The bigger they are, the harder they fall. China is guilty of gross capital misallocation on the grandest scale in the history of the world. Never before in all of man's history have so many trillions (tens of trillions?) been blatantly wasted, in ways that will reverberate across the global economy for years to come.
Those whom the gods would destroy, they first rise up. This Brobdingnagian waste was made possible by the epic scale of the China miracle itself, and the fruits born of a sort of quasi-capitalism that, over decades of savings and legitimate growth, allowed for the marshaling of vast resources, combined with the worst excesses of command-and-control arrogance in the latter years.
Like the now defunct Enron, the China growth story was a one-time good thing ultimately gone bad - very, very bad. China's economy is, in short, potentially the biggest disaster-in-waiting the world has ever seen.
It has been a long time coming. The consequences will continue to unfold in slow motion. But that is often the case with such things. And repercussions from "The Great Fall of China" are increasingly being felt:
Some of the world's largest companies have sounded the alarm about the slowdown in the Chinese economy, warning that weaker growth would hit profits in the second half of the year.
Car companies such as PSA Peugeot Citroën, Audi and Ford have slashed growth forecasts while industrial goods groups such as Caterpillar and Siemens have all spoken out on the negative impact of China.
The warnings are a sign that China's weaker growth and its stock market rout this month are creating a headache for global corporates that have long relied heavily on the world's second-largest economy to drive revenues….
Many Western companies are rethinking their entire China strategy. Profit growth in China was already rocky and hard to come by, the competition often unfairly tilted toward local advantage (if not flat out corrupt). If that was a description of the China business landscape in the "good" times… then what happens when the wheels come off the wagon?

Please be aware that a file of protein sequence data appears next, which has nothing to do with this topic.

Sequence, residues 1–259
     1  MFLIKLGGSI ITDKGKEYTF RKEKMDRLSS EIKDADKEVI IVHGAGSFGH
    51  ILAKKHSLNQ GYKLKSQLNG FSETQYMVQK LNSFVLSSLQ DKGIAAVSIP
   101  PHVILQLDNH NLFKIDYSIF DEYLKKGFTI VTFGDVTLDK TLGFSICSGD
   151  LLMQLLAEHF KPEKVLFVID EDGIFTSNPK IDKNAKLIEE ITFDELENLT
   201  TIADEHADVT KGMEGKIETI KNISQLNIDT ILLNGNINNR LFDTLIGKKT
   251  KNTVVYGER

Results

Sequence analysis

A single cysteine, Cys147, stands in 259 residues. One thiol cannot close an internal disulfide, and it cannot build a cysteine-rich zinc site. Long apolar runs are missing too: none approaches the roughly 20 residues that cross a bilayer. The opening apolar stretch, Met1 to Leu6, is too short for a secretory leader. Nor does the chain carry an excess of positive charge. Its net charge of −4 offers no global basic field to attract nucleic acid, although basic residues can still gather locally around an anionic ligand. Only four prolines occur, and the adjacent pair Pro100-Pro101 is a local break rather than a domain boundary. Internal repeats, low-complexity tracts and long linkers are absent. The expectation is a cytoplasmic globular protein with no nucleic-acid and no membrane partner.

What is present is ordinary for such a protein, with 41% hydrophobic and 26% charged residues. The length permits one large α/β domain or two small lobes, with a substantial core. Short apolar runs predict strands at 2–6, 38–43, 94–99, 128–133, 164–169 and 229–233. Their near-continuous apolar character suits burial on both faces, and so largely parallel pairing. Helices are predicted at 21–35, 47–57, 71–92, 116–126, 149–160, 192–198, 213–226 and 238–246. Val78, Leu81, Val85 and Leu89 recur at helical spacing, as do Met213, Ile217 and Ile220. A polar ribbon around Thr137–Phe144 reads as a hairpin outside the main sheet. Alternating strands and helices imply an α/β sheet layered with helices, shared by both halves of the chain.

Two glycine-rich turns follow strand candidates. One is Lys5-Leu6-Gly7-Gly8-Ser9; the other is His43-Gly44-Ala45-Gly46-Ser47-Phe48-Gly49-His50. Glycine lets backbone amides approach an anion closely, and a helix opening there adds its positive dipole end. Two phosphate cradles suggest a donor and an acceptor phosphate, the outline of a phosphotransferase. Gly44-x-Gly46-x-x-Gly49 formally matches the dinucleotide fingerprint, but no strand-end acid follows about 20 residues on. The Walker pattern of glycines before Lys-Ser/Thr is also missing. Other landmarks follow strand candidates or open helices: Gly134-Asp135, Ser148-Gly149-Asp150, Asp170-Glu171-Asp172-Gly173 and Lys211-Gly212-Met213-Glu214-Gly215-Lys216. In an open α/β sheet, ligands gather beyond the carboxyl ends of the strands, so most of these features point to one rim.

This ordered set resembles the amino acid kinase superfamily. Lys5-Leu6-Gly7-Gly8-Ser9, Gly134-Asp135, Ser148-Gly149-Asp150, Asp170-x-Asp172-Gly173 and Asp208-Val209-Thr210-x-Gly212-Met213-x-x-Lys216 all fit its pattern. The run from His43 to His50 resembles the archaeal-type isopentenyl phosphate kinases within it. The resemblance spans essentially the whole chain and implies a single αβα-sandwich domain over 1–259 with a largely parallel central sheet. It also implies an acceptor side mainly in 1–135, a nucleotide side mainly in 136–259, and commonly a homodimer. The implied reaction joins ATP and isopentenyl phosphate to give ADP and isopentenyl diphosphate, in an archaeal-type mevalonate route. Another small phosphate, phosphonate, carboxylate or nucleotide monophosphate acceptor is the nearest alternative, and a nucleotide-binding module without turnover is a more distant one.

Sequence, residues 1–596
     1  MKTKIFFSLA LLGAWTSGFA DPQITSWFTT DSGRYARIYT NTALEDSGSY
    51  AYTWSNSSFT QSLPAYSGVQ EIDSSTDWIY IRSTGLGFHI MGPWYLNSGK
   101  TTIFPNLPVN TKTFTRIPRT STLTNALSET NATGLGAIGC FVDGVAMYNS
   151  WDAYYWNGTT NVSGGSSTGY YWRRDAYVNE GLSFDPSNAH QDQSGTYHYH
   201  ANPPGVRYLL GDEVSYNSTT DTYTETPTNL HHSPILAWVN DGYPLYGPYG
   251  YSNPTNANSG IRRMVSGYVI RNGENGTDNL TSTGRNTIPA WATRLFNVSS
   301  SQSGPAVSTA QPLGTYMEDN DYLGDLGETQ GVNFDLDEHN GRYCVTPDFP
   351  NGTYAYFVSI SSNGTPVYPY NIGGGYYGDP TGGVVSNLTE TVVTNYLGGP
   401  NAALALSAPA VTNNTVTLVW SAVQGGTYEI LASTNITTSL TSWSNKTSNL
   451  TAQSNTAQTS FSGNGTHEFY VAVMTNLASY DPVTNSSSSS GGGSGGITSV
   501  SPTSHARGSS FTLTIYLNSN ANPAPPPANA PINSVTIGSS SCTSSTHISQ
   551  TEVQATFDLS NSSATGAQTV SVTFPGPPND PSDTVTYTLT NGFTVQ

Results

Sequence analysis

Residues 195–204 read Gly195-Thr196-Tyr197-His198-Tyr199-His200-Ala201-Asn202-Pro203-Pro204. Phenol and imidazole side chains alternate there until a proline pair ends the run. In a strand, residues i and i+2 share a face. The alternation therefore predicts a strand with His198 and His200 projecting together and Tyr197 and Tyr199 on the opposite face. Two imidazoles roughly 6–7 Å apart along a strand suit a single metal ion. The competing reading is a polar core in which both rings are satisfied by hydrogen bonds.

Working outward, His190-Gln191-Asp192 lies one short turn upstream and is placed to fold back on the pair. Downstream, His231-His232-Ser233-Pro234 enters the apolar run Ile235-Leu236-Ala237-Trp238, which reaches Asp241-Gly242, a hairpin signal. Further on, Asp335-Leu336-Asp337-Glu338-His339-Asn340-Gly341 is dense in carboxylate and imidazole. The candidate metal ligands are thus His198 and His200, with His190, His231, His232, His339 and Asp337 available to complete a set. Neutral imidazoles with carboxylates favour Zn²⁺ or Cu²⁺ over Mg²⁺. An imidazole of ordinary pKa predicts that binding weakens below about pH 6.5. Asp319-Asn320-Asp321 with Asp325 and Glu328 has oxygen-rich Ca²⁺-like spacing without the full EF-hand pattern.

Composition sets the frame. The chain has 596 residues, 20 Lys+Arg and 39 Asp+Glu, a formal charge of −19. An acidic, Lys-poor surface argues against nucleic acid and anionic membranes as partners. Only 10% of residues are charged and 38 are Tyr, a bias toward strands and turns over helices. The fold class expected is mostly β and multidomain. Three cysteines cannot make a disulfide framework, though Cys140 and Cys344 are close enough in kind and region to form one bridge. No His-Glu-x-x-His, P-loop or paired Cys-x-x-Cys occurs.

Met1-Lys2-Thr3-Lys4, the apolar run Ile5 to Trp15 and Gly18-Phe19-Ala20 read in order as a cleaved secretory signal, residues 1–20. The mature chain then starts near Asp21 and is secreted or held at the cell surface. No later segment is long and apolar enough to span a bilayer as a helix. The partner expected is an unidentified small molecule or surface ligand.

The Chinese slowdown is forcing many Western companies to take a hard look at their businesses there, leading many to reduce investments, costs and product lines and to tackle increasing bad debts.
Double digit growth rates during the first decade of the millennium lured scores of Western companies to invest heavily in China. But in recent years growth has slowed sharply, hitting demand and raising doubts about the financial health of Chinese companies.
A recent equities market rout has dashed hopes China will, in the coming years, return to the robust growth it saw in the past.
Meanwhile, as China's equity market repeatedly freezes and crashes - like some horrible install of Microsoft Windows gone wrong - Beijing is doing its best to flush its reputation for competence down the toilet (after setting it on fire).
After China's stocks crashed in June, the government put more than $400 billion at the disposal of a little-known state agency, the China Securities Finance Corp., headed by an academic and bureaucrat named Nie Qingping. It was told to save the market.
The agency's unique mandate is to intervene in the market to buy stocks, with money borrowed from the central bank and other sources, in order to help prop up share prices. With the recent volatility evidenced by another crash on July 27, its success so far isn't readily apparent…
In the midst of a public relations crisis, born of ham-fisted efforts gone horribly awry, the last thing you want to do is pour kerosene on the fire by making yourself look like a clueless panicky idiot.
And so, of course, Beijing continues to blame and chase "short sellers" - while shutting down outside investor access - in classic the panicky idiot style:
China is pressing foreign and Chinese-owned brokerages in Hong Kong and Singapore to hand over stock trading records, sources said, extending its pursuit of "malicious" short sellers of Chinese stocks to overseas jurisdictions…